On a cold, wet night long ago I was standing amid the looming shadows of a ship repair yard. I was tired, and caked with filthy grease from the bowels of a gaunt cargo ship whose innards we had been extracting on a double work shift. Now above me a dimly seen gantry crane was lifting our handiwork up through the dark hatches of the ship. A nearby tractor would drag the massive machine parts to hangar of sparks and forges and giant lathes. But my job was done. My mind was slipping to rest. So I hardly sensed it coming. Somewhere high on the wire of that gantry crane, a U-bolt suddenly crystallised. Five tons of death, a steel shaft thicker than my body, rushed past my shoulder and crunched into the slimy concrete with a dull whoomp which made me more scared than anything before or since. Sometimes I still wake in fright, and remember that there are moments when Fate makes a very close visit.
I know the sound of breaking glass. This was quite different. Toughened quarter inch plate glass doesn't break. From seven meters up it shears, and slices as it hits the floor with a finger nail-tearing rasp, then a reverberating clang. The awful interruption caught in the back of the Wizard's throat, and choked him to silence. There was a tumultuous, soundless fifteen seconds. The air froze as Fate waited to decide about death; then there came a rush of breath as several hundred people exhaled at once. Death had passed by, miraculously and inexplicably, for the murderous edge of that glass panelling, as it left the gallery railing, had almost nowhere to go down where there wasn't a mortar board and a black gown waiting. Almost nowhere, and it found nowhere.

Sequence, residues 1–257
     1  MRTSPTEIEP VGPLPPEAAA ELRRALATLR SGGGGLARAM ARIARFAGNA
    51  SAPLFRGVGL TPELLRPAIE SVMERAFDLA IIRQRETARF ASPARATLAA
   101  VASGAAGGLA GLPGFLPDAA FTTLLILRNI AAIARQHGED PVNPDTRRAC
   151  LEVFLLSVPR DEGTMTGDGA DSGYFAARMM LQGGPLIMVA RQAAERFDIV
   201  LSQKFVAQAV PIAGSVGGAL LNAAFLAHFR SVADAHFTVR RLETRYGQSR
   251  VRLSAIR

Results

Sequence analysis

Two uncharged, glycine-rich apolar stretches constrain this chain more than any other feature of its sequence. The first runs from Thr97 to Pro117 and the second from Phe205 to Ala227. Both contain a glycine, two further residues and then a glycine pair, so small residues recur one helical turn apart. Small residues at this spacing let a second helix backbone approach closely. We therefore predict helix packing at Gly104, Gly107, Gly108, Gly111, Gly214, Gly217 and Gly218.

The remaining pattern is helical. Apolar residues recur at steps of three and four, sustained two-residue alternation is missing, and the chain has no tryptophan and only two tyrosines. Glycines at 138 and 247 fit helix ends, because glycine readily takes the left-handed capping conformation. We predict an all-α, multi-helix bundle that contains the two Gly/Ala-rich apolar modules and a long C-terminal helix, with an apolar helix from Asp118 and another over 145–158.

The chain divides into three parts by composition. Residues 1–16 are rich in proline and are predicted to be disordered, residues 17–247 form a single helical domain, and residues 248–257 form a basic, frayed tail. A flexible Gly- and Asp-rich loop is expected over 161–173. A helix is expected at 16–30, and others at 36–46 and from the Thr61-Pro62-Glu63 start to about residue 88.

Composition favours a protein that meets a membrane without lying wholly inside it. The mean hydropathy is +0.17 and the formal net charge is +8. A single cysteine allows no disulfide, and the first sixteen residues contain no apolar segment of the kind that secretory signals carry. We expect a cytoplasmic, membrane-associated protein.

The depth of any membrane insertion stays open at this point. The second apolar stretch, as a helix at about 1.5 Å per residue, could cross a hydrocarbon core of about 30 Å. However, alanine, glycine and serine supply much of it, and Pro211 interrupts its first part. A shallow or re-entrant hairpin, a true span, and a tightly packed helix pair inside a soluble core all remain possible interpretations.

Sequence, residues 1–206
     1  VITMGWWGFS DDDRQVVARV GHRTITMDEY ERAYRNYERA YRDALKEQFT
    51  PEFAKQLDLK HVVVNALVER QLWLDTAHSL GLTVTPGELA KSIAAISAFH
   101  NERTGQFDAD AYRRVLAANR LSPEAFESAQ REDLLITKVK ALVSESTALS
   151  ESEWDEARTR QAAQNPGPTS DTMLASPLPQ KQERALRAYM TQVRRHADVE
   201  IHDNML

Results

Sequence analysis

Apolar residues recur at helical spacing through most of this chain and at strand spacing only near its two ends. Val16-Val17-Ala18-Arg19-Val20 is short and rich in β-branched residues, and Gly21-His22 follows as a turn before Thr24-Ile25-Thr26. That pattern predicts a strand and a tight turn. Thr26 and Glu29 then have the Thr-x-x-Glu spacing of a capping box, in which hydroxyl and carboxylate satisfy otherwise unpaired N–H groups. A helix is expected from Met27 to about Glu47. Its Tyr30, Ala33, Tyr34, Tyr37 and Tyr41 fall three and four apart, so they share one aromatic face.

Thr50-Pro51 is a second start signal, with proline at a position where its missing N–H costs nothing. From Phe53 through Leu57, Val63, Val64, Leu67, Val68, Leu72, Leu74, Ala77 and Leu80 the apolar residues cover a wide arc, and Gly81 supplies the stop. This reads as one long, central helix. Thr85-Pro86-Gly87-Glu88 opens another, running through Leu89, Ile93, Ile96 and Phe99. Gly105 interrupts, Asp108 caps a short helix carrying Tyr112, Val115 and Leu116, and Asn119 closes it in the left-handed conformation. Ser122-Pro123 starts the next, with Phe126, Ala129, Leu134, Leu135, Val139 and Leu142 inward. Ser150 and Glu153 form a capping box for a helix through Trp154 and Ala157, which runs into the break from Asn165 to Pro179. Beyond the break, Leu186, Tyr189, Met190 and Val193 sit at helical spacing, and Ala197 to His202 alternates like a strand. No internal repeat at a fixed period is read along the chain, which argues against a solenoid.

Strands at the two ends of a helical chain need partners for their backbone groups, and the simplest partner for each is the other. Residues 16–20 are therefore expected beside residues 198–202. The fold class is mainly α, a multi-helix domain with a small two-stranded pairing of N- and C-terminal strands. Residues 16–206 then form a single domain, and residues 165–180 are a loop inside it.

What happened next was characteristically Korean. Nothing happened. Nothing was seen to have happened. The Wizard resumed in mid-sentence, the wax figures on the stage remained waxed, the graduates remained immobile under the fixed gaze of their parents and friends. Not a glance slid sideways to the dully gleaming sheet of delinquent glass. Later the disreputable foreigners would add it to their jokes, but what Korean could be so insouciant ? No, nothing had happened. Maybe time would help us to forget that anything might have happened, even in a rumour. But it was, we all secretly knew, too late. An icy splinter was lodged into the heart of every alumnus. There had been an Omen.
* Note on personal names: all
names in this Diary have been changed to protect the privacy of individuals,
unless stated otherwise. ** Actual names have been used in "The Bright Smile Love Club".